‘Signaling not complete but no risks’ in Turkey’s high-speed train
Hacer BOYACIOĞLU ANKARA
The first Turkish high-speed train arrives at Pendik railway station, in Istanbul, during the high-speed train opening cerenomy on July 25. AFP Photo / Ozan KöseThe signaling system of Turkey’s high-speed train, which links the country’s largest two cities, is not complete, but the train is still safe, Transportation Minister Lütfi Elvan has told Hürriyet.
“There are no security problems,” he said Aug. 4 during an interview. "Because the parts that are not complete are the conventional rails, not the high-speed ones,” he said. Turkey’s long-awaited high-speed railway line between the capital, Ankara, and the financial capital of Istanbul was inaugurated at a large ceremony on July 25, only to break down several hours later. The train stopped while Prime Minister Recep Tayyip Erdoğan and Elvan were on board. Technical teams fixed the problem in 30 minutes.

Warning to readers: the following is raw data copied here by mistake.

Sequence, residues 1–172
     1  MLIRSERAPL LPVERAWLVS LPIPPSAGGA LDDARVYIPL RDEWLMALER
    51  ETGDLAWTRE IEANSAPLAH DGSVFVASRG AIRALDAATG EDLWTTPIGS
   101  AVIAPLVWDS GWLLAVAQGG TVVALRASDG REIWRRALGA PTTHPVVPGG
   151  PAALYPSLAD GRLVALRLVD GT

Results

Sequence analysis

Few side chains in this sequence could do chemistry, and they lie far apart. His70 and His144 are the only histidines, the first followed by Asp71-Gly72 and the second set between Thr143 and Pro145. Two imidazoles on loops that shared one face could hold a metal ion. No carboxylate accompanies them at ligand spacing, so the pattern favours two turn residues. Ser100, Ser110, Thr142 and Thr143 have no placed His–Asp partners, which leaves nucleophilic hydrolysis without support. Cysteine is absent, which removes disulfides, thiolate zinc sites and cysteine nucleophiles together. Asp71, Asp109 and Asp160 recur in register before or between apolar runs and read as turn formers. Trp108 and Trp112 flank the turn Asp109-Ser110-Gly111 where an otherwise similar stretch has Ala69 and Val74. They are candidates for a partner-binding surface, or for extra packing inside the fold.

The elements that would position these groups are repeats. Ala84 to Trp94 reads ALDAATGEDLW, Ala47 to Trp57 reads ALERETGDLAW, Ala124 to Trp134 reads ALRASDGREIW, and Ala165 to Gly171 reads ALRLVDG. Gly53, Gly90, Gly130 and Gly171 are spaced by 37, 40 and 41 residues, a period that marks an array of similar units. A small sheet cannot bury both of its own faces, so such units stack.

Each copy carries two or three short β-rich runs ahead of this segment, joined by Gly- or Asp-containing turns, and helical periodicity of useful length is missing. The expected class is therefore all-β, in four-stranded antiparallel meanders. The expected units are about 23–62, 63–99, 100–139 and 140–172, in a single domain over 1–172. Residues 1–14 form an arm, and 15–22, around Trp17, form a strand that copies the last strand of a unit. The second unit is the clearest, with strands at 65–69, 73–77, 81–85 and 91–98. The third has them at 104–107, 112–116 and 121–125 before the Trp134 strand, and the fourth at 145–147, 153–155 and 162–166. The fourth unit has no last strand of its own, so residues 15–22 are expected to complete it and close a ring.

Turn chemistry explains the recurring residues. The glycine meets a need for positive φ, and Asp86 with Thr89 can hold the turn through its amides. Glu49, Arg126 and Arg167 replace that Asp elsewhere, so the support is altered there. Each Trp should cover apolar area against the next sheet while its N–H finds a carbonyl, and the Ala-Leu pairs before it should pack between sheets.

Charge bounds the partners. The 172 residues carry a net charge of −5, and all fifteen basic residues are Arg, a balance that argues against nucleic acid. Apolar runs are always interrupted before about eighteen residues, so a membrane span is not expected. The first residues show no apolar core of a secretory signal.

On Aug. 2, the train stopped for a second time for several hours due to a power cut.
Meanwhile, Kemal Kılıçdaroğlu, the leader of the main opposition Republican People’s Party (CHP), told journalists yesterday he would not feel safe riding on the train.
“Mechanics have a call on the issue. The signaling system is not complete. This is very risky,” he said. Erdoğan used the project as a part of his presidential election campaign, Kılıçdaroğlu said, adding he would begin using it once the signaling was completed.